Click here to enlarge figure

Figure 1. A schematic view of a plant cell showing some of the main calcium stores and cellular compartments with their approximate free calcium ion concentrations. Calcium channels are shown as blue arrows, pumps are shown as red arrows, whilst the grey double arrow depicts diffusion through the nuclear pores.
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The release of Ca2+ from internal stores, such as the endoplasmic reticulum or the vacuole, gives rise to transient elevations in Ca2+ from about 0.1 µM to 1 µM. The characteristics of such transients vary and can become oscillatory with periods from seconds to hours. The localised free cytosolic Ca2+ concentration varies in duration, amplitude, frequency and spatial distribution, and these observations led to the “Ca2+ signature” hypothesis [7], which states that signal information is encoded by a spatio-temporal pattern of cytosolic Ca2+ concentrations. Changes in the concentration of free cytosolic Ca2+ can be perceived by calcium binding proteins that can lead to the activation of different cellular programmes. It has been suggested that the need to reduce the toxic effects of high free Ca2+ concentrations drove the evolution of components that could then be taken advantage of as calcium signalling machinery [8].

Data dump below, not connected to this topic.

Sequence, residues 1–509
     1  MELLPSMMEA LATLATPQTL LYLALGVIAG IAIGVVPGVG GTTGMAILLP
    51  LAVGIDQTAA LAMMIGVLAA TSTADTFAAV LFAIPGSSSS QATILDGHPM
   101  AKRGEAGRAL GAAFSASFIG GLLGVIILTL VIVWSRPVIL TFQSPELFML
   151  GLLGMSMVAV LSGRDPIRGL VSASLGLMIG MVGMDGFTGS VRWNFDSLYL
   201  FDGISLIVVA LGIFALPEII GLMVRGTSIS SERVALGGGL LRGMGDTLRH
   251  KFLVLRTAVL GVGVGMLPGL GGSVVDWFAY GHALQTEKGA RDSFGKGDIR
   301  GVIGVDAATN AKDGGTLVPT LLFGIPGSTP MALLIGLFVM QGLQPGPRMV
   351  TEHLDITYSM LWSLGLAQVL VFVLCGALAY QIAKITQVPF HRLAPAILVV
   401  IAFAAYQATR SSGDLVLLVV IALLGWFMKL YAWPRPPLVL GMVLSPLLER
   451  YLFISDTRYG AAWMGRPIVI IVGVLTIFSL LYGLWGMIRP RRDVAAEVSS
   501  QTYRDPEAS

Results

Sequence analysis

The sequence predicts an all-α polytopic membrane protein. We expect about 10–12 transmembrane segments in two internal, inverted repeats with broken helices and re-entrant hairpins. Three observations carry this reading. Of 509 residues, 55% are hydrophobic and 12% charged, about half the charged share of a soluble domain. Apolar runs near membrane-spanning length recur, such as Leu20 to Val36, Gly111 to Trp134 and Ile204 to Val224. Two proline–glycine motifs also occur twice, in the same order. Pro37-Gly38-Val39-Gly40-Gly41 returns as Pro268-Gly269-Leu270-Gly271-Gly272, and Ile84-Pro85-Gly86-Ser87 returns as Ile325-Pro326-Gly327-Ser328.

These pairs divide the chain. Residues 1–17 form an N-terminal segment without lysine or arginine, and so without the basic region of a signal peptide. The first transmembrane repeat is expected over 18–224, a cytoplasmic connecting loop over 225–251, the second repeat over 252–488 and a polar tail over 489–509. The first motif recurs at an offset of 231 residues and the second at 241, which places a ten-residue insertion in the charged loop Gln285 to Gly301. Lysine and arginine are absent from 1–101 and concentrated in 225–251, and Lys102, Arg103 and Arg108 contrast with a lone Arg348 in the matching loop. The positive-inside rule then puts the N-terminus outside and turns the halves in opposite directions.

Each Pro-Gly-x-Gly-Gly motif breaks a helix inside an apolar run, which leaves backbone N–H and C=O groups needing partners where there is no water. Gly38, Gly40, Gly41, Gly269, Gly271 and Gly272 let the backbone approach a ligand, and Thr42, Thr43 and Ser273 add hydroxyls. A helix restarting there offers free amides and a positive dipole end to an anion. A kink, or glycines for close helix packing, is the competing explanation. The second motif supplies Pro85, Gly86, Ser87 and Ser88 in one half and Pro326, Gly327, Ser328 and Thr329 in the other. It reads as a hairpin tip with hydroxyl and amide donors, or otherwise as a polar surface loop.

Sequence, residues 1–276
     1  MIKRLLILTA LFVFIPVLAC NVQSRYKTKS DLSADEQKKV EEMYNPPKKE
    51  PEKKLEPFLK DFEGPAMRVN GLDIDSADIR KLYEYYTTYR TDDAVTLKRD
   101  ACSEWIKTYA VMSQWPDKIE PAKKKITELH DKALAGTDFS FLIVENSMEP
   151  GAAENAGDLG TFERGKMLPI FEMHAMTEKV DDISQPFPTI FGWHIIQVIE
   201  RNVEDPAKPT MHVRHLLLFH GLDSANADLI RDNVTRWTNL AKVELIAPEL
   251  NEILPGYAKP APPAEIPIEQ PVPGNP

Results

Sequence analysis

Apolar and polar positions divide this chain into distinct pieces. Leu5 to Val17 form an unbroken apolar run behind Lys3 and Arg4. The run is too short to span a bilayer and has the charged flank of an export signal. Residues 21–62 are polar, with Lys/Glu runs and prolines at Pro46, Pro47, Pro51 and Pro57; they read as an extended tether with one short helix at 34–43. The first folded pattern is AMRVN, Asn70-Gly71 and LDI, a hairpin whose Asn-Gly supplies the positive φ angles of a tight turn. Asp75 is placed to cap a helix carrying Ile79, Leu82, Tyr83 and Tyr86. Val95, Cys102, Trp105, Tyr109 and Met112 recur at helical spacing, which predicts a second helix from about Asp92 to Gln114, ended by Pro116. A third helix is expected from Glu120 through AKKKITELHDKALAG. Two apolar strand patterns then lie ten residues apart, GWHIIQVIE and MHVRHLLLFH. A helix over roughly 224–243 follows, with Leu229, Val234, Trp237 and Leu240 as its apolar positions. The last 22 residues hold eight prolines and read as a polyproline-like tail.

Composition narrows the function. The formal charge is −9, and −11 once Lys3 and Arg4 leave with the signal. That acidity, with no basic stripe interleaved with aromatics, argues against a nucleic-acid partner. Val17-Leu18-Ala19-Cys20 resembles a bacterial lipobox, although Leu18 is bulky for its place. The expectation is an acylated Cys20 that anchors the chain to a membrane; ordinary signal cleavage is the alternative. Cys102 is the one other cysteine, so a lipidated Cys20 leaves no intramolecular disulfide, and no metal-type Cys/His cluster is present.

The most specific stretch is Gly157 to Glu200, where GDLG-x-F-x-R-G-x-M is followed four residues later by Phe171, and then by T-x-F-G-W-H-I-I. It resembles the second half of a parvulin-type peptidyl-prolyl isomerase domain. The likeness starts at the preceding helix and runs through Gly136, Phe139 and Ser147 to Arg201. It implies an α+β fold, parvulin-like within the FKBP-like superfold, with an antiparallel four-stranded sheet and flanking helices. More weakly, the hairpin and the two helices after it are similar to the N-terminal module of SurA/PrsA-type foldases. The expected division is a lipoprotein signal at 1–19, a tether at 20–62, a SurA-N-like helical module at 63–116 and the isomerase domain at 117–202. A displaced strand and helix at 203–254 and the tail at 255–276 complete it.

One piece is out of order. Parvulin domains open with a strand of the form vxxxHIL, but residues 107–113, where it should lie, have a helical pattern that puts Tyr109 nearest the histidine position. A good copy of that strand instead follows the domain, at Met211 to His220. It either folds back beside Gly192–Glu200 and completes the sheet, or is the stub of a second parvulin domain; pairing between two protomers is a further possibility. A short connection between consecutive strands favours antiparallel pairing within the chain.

These factors have led to Ca2+ becoming one of the most important signalling ions in higher eukaryotes and a ubiquitous second messenger in plants [9] and animals [10,11]. Ca2+ can transduce both intercellular and intracellular signals and is involved in nearly all aspects of plant development as well as participating in many regulatory processes.

2.2. Calcium Maths

A frequent goal of developing mathematical models of processes involving calcium is to aid our understanding of how calcium ion concentration changes are generated as a function of the individual components. A large class of calcium signalling models consists of systems of ordinary differential equations (ODEs) describing fluxes between different compartments. Ignoring spatial effects, which is equivalent to assuming that the calcium concentration, c, is homogeneous inside each compartment, results in the ODE: